Overweight and obesity
Excessive fatness or overweight, in children and adults alike, has been prevalent in the country in the last five years. If this is not averted, Pedro said, it might lead to obesity which means a person has 120 percent of the desired body weight vis a vis a person’s height.
Although the number overweight Filipinos has not reached alarming proportions, Pedro said it has increased threefold from 0.4 percentage in 1998 to 1.4 percent in 2003 among children 0 to 5 years of age.
This condition should not be taken for granted, according to Pedro because overweight or obese children might suffer from certain heart and other cardiovascular diseases, diabetes and hypertension when they grow old.
The FNRI statistics showed that overweight and obesity is more prevalent among young adults aged 20 to 39 years old and among adults aged 40 to 59 years old. In 2003, 20.6 percent of young adults and 30 percent of adults were found overweight and obese.
Pedro said obesity and overweight maybe be caused by a diet rich in fats, carbohydrates and bad cholesterol. It might also be due to the changing lifestyle where children and young adults are less active and unable to burn their calories.
The 2001 records of the Department of Health (DOH) showed that among the top 10 causes of morbidity are hypertension and diseases of the heart.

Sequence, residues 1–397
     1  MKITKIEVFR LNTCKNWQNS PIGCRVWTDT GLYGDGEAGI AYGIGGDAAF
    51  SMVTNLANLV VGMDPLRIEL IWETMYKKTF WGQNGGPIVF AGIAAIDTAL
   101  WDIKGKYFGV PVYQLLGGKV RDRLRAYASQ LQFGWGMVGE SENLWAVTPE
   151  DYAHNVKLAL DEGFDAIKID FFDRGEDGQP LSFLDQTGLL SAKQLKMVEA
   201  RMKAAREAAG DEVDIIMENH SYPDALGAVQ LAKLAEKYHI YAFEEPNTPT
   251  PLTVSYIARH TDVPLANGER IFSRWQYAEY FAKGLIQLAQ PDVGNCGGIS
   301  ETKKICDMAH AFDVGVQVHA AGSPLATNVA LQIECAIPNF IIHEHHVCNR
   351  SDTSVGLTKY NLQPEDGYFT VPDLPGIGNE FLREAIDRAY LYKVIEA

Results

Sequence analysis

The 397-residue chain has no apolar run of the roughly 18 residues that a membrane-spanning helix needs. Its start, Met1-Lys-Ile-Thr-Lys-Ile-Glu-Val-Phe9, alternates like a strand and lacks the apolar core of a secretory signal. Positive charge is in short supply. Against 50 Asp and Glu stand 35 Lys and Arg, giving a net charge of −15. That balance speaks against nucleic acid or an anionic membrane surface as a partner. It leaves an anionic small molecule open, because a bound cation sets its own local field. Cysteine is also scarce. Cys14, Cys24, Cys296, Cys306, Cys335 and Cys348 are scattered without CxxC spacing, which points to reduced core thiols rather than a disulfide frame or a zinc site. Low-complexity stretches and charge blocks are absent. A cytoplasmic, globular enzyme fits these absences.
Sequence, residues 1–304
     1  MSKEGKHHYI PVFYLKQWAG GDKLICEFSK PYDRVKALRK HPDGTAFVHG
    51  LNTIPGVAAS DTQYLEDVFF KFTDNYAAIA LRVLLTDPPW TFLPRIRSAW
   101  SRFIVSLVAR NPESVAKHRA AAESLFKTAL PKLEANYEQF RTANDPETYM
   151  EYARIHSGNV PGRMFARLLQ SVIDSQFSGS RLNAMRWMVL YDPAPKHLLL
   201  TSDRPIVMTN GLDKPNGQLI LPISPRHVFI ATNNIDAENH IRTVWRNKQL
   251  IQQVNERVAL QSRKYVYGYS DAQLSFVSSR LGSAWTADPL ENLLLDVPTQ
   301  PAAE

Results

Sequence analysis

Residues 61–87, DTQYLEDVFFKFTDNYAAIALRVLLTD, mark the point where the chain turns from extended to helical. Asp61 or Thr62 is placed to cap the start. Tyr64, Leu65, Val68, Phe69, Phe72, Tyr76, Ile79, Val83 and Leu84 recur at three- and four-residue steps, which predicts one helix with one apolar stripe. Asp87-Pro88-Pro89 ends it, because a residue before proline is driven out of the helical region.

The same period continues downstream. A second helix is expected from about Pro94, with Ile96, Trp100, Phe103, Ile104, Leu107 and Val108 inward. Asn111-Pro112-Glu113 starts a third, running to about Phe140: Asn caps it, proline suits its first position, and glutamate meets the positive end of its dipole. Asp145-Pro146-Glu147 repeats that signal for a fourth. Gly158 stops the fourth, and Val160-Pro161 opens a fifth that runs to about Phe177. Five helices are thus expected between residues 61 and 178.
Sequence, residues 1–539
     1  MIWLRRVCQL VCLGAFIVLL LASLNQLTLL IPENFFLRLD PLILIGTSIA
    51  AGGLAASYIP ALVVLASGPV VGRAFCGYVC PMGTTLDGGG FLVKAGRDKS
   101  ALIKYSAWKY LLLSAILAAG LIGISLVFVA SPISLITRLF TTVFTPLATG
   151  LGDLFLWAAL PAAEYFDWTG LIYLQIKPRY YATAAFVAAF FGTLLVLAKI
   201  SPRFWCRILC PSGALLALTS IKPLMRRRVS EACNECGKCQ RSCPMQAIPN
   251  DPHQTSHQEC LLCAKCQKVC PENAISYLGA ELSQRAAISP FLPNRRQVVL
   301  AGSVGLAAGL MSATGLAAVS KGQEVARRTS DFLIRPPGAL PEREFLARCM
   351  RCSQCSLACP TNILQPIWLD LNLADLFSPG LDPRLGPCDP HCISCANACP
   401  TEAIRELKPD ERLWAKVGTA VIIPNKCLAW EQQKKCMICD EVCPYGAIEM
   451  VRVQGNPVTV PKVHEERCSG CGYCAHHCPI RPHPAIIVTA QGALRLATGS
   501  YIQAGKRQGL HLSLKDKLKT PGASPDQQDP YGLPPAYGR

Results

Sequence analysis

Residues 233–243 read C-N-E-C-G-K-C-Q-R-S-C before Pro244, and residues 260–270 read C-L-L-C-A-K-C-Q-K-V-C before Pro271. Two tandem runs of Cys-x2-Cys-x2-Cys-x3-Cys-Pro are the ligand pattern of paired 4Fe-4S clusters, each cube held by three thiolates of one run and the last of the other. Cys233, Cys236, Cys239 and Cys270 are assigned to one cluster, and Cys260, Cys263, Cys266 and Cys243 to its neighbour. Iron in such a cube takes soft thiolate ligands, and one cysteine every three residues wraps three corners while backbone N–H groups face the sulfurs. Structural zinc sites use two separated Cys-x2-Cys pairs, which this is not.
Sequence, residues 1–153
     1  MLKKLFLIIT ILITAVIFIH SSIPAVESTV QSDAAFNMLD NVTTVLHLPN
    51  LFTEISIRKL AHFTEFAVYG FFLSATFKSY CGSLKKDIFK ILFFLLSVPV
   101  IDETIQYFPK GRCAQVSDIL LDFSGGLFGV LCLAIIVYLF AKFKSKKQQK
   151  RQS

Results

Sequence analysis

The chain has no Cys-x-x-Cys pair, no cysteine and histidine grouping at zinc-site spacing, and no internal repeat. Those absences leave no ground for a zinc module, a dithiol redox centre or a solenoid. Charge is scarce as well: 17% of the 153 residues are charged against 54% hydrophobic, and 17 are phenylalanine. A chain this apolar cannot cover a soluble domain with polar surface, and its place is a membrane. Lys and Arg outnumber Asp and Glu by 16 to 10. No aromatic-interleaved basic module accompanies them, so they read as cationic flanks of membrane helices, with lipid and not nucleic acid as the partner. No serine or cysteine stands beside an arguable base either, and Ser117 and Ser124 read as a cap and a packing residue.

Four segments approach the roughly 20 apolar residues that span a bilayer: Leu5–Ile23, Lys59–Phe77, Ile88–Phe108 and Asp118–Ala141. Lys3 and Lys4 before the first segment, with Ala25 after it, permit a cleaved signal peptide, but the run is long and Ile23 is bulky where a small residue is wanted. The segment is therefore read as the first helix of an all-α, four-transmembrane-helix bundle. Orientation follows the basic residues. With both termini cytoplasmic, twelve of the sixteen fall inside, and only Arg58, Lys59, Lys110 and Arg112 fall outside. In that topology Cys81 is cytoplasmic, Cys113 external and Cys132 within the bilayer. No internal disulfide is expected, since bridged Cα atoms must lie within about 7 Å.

Nutritionist Natalie Pulvinar of the Samahan ng Nagtataguyod ng Agham at Teknolohiya Para sa Sambayanan (Agham or Advocates of Science and Technology for the People) said that more prevalent today in Third World countries like the Philippines is what is called “hidden hunger” or micro-nutrient deficiency. This means that while Filipinos might still have something on their tables, these do not contain the proper nutrients that are needed for healthy minds and bodies.
FNRI 2003 statistics show that 66 percent of infants 0 to 6 months old suffer from anemia or lack of iron while 29 percent of children 1 to 5 years old suffer from the same.
The prevalence of hidden hunger is basically due to the lack of nutrition in a person’s diet.
Nowadays, many poor Filipino families subsist on P5-instant noodles, P3-grilled chicken innards such as isaw (intestine) and balun-balunan (gizzard), and other street foods, grilled and fried. Also common are meals of plain rice with a dash of salt, particularly in urban centers, and of camote (sweet potato) in rural areas.
Instant noodles’ labels show they are only high in carbohydrates and sodium. Pedro herself said instant noodles do not contain proteins, vitamins or minerals, and therefore do not provide a balanced diet.
Dr. Famela Santos, M.D., of the Council for Health and Development (CHD), said most manufacturers of instant noodles emit the fiber from the noodles leaving it rich only with carbohydrates. Although the DOH has approved the instant noodle varieties as “fortified foods” – meaning it contains essential vitamins – Santos said instant noodles succeeds only in filling the stomach. Although reportedly fortified with vitamin A and iodine, instant noodles are only rich in carbohydrates, salt and monosodium glutamate. These, she said, are not enough to make children healthy.